When will the media in Bangladesh cover the ICSID decision on Niko corruption claims and how will the courts respond?
As Netra News reported recently, a tribunal set up by the International Centre for Settlement of Investment Disputes (ICSID) had ruled that there was no corruption involved when the last BNP government signed gas exploration contracts with the Canadian company Niko. The story should not have been breaking news since the decision of the tribunal was handed down in February 2019, and one would have expected that in this intervening period it would have been widely reported in Bangladesh. Yet, this was not the case.
In fact very few knew about the decision which also specifically exonerated senior figures in the BNP government including the former Prime Minister Khaleda Zia and the former law minister Moudud Ahmed. The members of the tribunal who wrote the decision and a few other tribunal officers involved in the case were aware of the ruling, but they were not allowed to talk about it. This was because the Bangladesh government, rather extraordinarily, blocked the publication of the ICSID decision. In order for such a ruling to be published, both the parties to a dispute must agree to publication, and in this case the Bangladesh side was withholding its consent.
It is of course understandable why the government would prefer that this decision would never see the light of day. It can be seen as a highly detailed and minutely argued decimation of the ongoing corruption prosecution in Bangladesh against Khaleda Zia and some of her government ministers and senior officials.
Had any other group of individuals other than these three ICSID tribunal members come to the same conclusions, the Awami League government would almost certainly have called them “biased”, “corrupt” or otherwise “procured”. But it is difficult to do so in this case as the government itself chose one of three members of the tribunal, and agreed to the appointment of the chairperson.
The Bangladesh government’s strategy now seems to be aimed at quashing any coverage of the tribunal decision, and in this it has the complicity of the media. Although any journalist can now access a copy of the ICSID decision from Netra News’ website, Bangladesh’s mainstream media has still not reported on the case. The country has reached a stage where its media are so self-censoring, intimidated, or partisan that newspapers and television channels do not report a decision of an international arbitration tribunal as it goes against the interest of the government.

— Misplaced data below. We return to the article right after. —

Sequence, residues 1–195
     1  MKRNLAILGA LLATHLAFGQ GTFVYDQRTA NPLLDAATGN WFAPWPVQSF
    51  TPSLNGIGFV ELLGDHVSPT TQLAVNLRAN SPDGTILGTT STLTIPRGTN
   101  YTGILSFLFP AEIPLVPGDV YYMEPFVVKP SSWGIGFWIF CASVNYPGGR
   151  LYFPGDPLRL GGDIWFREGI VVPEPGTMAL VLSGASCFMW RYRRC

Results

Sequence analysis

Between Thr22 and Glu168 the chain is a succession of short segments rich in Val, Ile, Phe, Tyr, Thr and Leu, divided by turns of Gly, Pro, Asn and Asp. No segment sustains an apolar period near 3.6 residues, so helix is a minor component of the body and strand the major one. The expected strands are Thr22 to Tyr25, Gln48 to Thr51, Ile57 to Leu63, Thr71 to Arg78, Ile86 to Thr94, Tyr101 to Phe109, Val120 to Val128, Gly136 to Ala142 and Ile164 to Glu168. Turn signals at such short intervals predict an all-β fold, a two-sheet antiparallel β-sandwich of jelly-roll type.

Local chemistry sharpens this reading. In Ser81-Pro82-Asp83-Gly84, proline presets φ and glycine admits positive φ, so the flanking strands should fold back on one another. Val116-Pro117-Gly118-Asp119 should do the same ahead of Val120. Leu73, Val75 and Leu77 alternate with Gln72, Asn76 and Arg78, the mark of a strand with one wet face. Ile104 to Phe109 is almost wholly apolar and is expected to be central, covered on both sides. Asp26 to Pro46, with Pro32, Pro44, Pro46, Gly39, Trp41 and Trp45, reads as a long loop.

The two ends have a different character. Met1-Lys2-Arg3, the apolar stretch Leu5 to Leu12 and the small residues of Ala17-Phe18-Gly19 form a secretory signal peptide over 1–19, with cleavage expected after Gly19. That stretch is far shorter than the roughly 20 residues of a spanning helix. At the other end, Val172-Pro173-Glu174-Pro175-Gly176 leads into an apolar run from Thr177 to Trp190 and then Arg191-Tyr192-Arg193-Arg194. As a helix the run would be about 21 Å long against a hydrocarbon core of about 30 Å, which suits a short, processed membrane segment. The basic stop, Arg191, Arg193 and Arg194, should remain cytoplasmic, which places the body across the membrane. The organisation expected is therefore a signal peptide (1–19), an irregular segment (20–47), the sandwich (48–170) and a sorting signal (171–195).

There is no question, however, that those who stand accused of corruption over the Niko contracts will use the tribunal decision as part of their defence, and it will be interesting to see how the Bangladeshi trial court deals with it.
The ICSID decision does not just detail why the allegations against individual ministers and officials do not stand up to scrutiny, but undercuts the very basis of the prosecution arguments that corruption had taken place, including perhaps most significantly the idea that the BNP government agreed to a bad financial deal for the country, losing it money.
The international arbitration tribunal in fact found that it was a good deal for Bangladesh, signing a contract where it purchased gas from the company at a price significantly below the level Niko had sought and also at an amount “substantially below the price which Petrobangla paid to other suppliers.”
As the tribunal decision reads, “Niko had requested a price of US$2.75/MCF and, during the negotiations, was prepared to reduce the price to US$2.35/MCF. Petrobangla and the government had offered US$1.75/MCF. Although they were prepared, at some time during the negotiations, to increase the price to US$2.10/MCF, they reverted to their original position and in the end insisted on the price initially offered. Despite much objection, Niko had to accept this price.”
The ICSID tribunal decision also undermined other key underlying assumptions of the ongoing criminal prosecution. It ruled that the Bangladesh government was wrong to assert that Niko was “unqualified” for the work contracted; that any procurement regulation in Bangladesh was violated; or, that the inclusion of the Chhatak East gas field in the area of exploration in the Joint Venture Agreement (JVA) was “irregular”.
One might imagine that it will be difficult for the Bangladeshi trial court, currently involved in the process of framing charges, to ignore all these conclusions which are backed up by a level of rigour and detail generally unknown in the country’s court system. But the process of justice within Bangladesh’s court system often takes place immune from the intrusion of a genuine search for the truth. This is particularly so when it involves the criminal prosecution of opposition politicians where the outcome is predictable, determined by a government with particular political imperatives, and facilitated by a partisan set of investigators, prosecutors, and judicial officers. Facts are of little concern to those involved in the system. The only issue is what the government wants.
So one should not hold out too much hope that the Bangladeshi courts will give much significance to the ICSID decision. This is particularly so when the government’s objectives here are helped by a quiescent and unquestioning media.●
David Bergman (@TheDavidBergman) — a journalist based in Britain — is Editor, English of Netra News.